What happens to deforestation when the conflict “ends”? Evidence from the implementation of the Peace Agreement in Colombia

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Deforestation in rural Colombia has accelerated since the end of the armed conflict between the government and the Revolutionary Armed Forces of Colombia (FARC-EP) guerrillas (Clerici et al., 2020). The power vacuum left by the FARC-EP after its demobilization in 2016 and the difficulties in the implementation of the Peace Agreement have opened the space for different actors to transform the forests that were inaccessible during wartime.

On the one hand, illegal armed groups have taken advantage of the State’s absence to dispute territorial control and exploit their natural resources through illegal mining, illicit crops, and land grabbing (Comisión de la Verdad, 2022). On the other hand, new and old settlers with expectations of land redistribution are transforming forests into pastures for extensive cattle ranching and other agricultural activities (Castro-Nunez et al., 2017; IDEAM, 2019). This combination of factors has increased the deforested area in territories formerly controlled by the FARC-EP, which make up some of the most fragile and biodiverse forests in the country.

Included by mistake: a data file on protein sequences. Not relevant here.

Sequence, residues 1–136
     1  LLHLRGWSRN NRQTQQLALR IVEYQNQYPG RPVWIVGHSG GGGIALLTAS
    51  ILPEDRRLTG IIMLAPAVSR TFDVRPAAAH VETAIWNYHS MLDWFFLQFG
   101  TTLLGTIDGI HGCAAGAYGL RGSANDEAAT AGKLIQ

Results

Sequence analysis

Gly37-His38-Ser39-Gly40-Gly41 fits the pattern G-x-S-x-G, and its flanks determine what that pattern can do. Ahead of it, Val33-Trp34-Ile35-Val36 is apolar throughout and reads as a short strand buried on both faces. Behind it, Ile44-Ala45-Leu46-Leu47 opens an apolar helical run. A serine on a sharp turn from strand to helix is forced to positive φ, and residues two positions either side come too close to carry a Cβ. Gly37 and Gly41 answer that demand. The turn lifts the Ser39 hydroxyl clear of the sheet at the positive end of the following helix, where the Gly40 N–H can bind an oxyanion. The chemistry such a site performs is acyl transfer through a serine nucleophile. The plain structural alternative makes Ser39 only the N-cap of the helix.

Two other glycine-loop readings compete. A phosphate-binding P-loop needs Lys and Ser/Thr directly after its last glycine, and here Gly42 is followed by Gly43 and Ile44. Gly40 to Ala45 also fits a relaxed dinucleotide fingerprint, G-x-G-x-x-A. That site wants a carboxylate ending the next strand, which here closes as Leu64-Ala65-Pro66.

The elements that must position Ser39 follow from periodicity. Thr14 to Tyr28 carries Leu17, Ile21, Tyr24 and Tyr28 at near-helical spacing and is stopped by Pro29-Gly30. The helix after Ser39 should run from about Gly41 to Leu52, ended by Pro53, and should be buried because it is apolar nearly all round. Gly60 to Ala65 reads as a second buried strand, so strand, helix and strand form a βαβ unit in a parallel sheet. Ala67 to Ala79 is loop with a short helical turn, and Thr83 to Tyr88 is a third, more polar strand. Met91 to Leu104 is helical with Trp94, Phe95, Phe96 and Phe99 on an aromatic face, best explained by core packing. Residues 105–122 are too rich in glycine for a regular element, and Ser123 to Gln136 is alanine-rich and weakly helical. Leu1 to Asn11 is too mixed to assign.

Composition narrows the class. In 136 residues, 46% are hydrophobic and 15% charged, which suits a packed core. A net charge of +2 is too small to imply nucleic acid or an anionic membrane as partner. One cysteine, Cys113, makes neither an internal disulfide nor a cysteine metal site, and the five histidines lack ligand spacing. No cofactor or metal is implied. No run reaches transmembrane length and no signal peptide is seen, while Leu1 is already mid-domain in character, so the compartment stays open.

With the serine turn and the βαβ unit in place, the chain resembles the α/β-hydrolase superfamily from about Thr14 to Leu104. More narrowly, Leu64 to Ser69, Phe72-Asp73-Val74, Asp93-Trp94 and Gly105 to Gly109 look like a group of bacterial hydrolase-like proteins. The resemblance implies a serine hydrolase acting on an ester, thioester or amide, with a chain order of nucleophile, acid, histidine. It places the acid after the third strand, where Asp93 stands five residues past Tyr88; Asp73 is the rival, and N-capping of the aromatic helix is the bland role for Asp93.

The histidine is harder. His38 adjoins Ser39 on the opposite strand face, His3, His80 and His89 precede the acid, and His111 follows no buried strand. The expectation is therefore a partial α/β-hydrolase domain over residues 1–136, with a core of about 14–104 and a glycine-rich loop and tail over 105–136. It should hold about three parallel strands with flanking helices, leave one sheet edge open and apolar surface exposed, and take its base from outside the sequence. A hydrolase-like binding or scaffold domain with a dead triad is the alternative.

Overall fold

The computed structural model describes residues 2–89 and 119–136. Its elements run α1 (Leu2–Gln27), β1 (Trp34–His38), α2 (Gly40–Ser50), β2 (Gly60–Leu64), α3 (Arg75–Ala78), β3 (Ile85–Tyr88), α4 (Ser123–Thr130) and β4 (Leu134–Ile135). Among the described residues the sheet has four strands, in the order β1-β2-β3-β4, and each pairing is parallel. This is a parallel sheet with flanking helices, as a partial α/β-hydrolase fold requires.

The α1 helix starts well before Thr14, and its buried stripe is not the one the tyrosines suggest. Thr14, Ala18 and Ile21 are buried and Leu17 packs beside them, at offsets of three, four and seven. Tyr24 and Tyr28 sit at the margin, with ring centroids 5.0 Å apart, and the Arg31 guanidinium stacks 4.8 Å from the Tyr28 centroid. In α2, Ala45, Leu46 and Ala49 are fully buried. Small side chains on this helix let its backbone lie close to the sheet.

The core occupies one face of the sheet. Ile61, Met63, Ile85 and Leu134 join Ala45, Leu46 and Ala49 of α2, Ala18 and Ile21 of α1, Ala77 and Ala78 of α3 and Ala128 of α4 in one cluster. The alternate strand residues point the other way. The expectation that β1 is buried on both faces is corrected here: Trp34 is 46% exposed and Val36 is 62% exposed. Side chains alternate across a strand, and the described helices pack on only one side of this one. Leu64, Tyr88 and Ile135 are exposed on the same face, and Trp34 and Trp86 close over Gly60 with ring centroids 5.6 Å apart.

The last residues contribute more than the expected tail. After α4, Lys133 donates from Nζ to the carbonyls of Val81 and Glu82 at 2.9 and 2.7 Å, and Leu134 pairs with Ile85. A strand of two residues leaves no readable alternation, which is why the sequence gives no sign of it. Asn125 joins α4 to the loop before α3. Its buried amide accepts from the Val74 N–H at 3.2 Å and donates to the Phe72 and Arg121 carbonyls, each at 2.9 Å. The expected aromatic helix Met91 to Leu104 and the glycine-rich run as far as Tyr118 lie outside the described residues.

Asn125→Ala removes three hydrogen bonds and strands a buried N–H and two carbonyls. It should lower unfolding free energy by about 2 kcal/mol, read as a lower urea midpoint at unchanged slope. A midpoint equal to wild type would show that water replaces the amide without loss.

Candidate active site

This research analyzes how delays in the implementation of the Peace Agreement with the FARC-EP are related to deforestation, violence by illegal armed groups, and illicit economies.

Pirela Rios, A.M.; Junca, J.J.; Triana Ángel, N.; Burkart, S.

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